The majesty of Venice’s grand canals is truly astonishing and it makes for a unique travel destination. Did you know there are other equally charming floating cities? Water is the center of these city destinations and they grant the same ethereal feeling as Venice does (or even better!). Check out these 7 floating cities to plan your next travel destination:
Wuzhen Water Town, China
An ancient city full brimming with extraordinary history, Wuzhen Water Town is the place to travel to in China. The 1300-year-old town rests at the center of the golden triangle of three other ancient cities, Shanghai, Hangzhou and Suzhou. Examples of fine traditional Chinese architecture, including old houses, bars and grand temples can be seen here.
The water canals frame this town beautifully, and when the canal’s streetlights are lit, the magical ambiance is taken up to a new level. The Wuzhen Water Town is revered by Chinese locals as well as tourists for its preservation of Chinese culture and heritage as well as its environmentally friendly ways of maintenance. Travel to Wuzhen Water Town for not only an incredible sight of a floating town, but also for rich Chinese history.
This Bavarian city island is framed by a gorgeous harbor. Lindau in Germany provides an optical illusion of a canal city, with its unique and open landscape. Lindau’s beautiful lighthouses are nautical wonders that frame the city perfectly.
One signature landmark is their Neuer Leuchtturm or “New Lighthouse” in German. Neuer Leuchtturm dates back to 1853 and their Mangturm (Old Lighthouse) dates as far back as the 13th century. While Mangturm can’t be climbed up all the time, the Neuer Leuchtturm’s tall height above the harbor makes it perfect for viewing the island.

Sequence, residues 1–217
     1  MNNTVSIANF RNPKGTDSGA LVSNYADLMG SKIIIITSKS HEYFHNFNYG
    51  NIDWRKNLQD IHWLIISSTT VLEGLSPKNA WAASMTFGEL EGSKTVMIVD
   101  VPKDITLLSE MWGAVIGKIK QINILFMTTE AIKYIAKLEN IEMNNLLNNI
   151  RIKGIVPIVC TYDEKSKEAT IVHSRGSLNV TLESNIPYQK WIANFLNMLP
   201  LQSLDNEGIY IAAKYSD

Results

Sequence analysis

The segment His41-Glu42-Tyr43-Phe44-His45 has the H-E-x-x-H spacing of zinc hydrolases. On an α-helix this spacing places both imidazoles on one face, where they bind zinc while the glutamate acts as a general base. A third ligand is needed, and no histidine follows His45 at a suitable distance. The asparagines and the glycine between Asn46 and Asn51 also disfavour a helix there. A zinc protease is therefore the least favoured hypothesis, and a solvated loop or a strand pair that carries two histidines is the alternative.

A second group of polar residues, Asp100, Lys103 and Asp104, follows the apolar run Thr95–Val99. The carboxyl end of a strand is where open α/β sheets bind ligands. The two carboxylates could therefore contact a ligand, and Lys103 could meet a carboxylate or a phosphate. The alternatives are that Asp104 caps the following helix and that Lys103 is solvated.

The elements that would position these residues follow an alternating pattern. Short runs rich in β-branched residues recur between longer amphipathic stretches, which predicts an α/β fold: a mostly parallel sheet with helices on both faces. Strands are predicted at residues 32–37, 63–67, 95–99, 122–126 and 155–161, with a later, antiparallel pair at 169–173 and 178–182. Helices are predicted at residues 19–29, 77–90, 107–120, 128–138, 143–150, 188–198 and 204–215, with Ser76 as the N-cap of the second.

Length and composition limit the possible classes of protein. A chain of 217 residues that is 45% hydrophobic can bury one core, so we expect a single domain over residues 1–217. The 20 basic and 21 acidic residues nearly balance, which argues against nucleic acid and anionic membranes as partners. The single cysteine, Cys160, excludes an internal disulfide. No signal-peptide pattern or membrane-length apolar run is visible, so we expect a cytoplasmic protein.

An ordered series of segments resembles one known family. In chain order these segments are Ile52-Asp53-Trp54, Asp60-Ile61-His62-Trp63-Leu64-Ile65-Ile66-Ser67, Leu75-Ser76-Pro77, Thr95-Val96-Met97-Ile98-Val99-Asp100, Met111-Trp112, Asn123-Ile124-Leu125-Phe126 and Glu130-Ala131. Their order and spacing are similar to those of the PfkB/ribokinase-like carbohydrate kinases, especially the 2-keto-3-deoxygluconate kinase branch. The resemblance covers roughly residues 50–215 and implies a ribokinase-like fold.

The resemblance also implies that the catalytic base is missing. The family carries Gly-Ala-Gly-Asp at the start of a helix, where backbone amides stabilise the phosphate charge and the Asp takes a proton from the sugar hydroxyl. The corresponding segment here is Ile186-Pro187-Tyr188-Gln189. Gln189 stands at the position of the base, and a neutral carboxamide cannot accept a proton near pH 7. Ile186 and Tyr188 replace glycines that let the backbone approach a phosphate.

The boardwalk envelopes the city while splitting the lake, making the town look as if it was floating on the water. As you step along the boardwalk, from harbor to the inner city, you’re met with a picturesque German town. Lindau’s cobblestone streets are filled with local markets and street vendors full of rich German foods. Along with posh restaurants and cafes, the old European architecture is a lovely sight for a travel lover, with quaint houses and towers on every corner.
Inle Lake, Myanmar
Inle Lake in Myanmar features floating gardens scattered across the water, where locals grow native produce. Much of the town’s architecture is simple and very involved in the natural landscape, with wooden constructed huts and houses suspended over the water on bamboo stilts.